Another feature of Dispensationalism is the view is that, during the millennium, the sacrificial system be re-instituted. Dispensational writers are aware of the Reformed criticism that the book of Hebrews (9:26; 10:10) says explicitly that Jesus offered himself as the “once for all” sacrifice. They reply that there doctrine does not contradict Hebrews because the re-instituted sacrifices are said to be memorial in nature, though there has been debate among DPPs over whether the sacrifices are merely memorial.

What at least some Dispensationalists seem not to know is that the Roman communion also holds to the re-institution of memorial sacrifices (Catechism of the Catholic Church para. 1357). They also think of their ministry as a sort of re-institution of the Mosaic sacrificial system of worship.

Certainly, there can be no question what Calvin thought about the idea of the re-institution of Mosaic priesthood by the Roman church. He wrote against this notion at such length, in so many places, it’s hard to know where to start, but perhaps his reply to Sadoleto would be a good idea.

Of course Dispensationalists think of themselves and their theology as being utterly distinct from Rome’s but are they? One may be sociologically distinct from the Roman communion but hold views that are substantially Roman. I’m sure this claim, in this context, will strike my Dispensational friends as ironic since they think of us Reformed folk as little more than benighted Protestants entangled with all sorts of Roman holdovers (e.g., infant baptism).

Yes, all Protestants have some practices in common with Rome. The 16th-century Anabaptists made this same criticism of the Reformed. Guy de Bres (the primary author of the Belgic Confession) responded to this criticism by asking, “Romanists pray. Are we supposed to stop praying?” The question is not whether there are common practices but whether we explain our practices in the same way.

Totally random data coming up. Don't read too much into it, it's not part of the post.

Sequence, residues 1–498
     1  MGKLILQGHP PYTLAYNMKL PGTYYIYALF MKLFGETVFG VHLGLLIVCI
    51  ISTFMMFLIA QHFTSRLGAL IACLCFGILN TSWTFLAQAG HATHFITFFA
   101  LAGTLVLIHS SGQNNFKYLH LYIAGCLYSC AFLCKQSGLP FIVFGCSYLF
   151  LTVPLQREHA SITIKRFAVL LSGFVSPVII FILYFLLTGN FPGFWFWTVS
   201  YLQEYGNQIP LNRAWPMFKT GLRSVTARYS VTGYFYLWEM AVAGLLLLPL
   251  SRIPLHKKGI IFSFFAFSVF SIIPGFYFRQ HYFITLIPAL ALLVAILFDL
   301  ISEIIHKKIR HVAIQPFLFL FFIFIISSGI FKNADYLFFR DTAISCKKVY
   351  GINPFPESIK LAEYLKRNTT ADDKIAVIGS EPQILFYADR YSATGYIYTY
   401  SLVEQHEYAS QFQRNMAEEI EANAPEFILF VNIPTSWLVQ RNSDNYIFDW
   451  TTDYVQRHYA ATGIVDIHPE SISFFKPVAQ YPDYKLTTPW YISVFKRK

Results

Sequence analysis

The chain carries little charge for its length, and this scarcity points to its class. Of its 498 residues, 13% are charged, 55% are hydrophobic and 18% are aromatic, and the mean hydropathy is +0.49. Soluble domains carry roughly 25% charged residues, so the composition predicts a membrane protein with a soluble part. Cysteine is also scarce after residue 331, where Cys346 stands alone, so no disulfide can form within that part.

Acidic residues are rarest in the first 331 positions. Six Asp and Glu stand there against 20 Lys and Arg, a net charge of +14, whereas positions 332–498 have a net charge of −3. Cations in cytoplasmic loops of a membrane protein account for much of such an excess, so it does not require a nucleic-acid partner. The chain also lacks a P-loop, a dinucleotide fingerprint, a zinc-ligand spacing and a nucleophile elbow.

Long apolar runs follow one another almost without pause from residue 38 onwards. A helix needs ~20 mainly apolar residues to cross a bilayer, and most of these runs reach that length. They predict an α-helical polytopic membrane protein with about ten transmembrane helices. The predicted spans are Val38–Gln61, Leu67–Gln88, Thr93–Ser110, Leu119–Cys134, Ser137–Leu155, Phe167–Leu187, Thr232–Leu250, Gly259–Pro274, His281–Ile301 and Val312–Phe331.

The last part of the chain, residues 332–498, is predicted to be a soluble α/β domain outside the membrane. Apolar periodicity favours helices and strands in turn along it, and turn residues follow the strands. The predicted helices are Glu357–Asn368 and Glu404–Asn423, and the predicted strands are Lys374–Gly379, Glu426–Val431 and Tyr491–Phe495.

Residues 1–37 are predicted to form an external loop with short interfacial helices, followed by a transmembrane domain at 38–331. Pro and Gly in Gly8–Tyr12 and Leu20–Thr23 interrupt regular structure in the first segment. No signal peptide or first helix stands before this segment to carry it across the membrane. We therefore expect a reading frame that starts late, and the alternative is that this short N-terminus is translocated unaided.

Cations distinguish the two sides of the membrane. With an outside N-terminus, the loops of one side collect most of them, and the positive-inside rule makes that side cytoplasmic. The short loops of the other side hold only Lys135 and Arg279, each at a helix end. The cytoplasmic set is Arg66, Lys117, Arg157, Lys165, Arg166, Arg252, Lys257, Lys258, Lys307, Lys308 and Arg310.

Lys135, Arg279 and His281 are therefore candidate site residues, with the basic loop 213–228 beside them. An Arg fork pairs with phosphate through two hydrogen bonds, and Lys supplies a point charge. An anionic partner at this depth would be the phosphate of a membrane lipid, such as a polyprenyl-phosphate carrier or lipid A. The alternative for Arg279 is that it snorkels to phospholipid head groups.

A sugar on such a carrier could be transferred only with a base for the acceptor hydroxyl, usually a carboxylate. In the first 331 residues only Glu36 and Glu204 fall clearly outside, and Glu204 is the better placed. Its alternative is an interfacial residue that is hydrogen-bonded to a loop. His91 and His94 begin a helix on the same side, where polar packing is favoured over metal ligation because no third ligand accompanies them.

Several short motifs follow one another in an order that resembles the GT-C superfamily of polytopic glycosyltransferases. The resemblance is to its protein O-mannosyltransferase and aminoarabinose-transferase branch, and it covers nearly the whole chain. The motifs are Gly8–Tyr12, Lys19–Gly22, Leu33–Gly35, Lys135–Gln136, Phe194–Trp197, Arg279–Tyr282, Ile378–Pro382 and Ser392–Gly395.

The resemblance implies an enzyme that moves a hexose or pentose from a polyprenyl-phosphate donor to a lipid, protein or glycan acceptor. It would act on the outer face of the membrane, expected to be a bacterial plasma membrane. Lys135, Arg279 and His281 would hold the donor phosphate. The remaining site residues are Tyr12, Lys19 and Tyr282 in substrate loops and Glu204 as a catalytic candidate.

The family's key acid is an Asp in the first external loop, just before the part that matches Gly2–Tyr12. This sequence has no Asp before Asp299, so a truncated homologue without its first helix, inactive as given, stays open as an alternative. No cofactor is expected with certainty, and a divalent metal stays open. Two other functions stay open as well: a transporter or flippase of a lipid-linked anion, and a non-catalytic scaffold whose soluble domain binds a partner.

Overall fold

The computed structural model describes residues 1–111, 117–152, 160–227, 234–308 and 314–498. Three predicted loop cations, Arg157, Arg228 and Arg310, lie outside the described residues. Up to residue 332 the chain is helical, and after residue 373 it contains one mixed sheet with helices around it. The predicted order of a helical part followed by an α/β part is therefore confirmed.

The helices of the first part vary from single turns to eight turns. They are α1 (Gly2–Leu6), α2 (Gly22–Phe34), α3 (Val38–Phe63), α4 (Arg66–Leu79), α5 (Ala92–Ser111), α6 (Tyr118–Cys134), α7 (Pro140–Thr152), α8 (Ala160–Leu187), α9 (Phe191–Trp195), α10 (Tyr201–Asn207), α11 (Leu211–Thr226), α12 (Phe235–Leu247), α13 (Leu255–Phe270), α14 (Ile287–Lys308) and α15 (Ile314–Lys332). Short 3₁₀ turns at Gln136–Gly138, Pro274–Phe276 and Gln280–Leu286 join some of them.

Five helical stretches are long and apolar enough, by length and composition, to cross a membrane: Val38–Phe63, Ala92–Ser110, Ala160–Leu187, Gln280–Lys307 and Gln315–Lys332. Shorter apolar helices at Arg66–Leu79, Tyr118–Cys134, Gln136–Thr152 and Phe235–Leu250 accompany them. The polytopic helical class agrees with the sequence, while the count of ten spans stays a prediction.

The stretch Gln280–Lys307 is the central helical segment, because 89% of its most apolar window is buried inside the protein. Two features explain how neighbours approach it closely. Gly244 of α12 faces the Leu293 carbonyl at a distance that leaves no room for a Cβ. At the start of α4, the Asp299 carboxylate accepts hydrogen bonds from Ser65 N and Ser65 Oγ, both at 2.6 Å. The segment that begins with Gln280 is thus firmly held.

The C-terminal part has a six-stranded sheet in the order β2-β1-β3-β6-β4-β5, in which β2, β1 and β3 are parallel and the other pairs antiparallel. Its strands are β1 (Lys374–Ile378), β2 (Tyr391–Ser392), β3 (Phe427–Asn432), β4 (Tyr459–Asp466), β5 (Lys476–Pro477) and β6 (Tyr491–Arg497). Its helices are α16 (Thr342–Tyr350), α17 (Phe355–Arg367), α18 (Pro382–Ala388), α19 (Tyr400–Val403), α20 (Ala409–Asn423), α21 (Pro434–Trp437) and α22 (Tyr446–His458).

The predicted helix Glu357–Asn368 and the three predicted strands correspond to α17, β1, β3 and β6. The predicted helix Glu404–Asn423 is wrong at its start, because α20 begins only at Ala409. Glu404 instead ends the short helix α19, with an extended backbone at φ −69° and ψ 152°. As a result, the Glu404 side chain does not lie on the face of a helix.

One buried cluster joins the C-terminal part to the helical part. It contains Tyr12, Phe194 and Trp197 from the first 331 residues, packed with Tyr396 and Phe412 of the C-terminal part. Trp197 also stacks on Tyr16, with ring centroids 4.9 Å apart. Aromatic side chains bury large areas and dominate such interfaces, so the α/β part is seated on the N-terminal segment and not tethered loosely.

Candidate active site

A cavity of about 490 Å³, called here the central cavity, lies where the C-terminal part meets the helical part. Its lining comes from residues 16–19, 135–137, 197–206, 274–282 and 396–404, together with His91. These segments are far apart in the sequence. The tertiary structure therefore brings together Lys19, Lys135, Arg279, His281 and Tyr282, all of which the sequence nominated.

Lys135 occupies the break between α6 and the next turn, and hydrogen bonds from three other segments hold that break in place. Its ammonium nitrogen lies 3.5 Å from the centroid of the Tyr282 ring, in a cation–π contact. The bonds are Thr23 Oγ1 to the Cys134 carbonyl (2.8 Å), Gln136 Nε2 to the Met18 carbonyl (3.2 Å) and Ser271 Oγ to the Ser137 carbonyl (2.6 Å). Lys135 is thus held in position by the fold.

It seems to me, therefore, that there is a difference between common practices and a common theology, especially on a topic which was at the center of the Protestant Reformation. It was partly the Roman doctrine of the Eucharist as memorial sacrifice which caused the Reformed churches to condemn it as a “damnable idolatry” (Heidelberg Catechism Q. 80).

I wonder if, having isolated themselves from historic Protestant theology, having isolated themselves from the Reformed confessions, having isolated themselves from the life of Reformed congregations where Reformed doctrine is a living, breathing entity transmitted weekly in catechism classes and sermons, having isolated themselves from the broader history of the church, they just do not know the ways in which their theology actually rehearses errors that the confessional Protestants rejected almost 500 years ago?

I realize that the Bible church folk think of themselves as being pre-eminently biblical but perhaps their isolation from the confessional Protestant churches has led them into paths that are actually not biblical?

These comments raise the question as to who is Reformed, i.e., who is it among contemporary evangelicals who actually holds and teaches the same doctrine and system of doctrine that Calvin and the Reformed taught?

This claim about Calvin’s eschatology is an opportunity for us to remember that there is more to being Reformed than simply holding the doctrines of grace. No one doubts that belief in predestination is necessary to being Reformed but is it a sufficient condition of being Reformed? Judged by the Reformed confessions, the answer must be no. We confess a good deal more about the faith than simply the doctrine of divine sovereignty.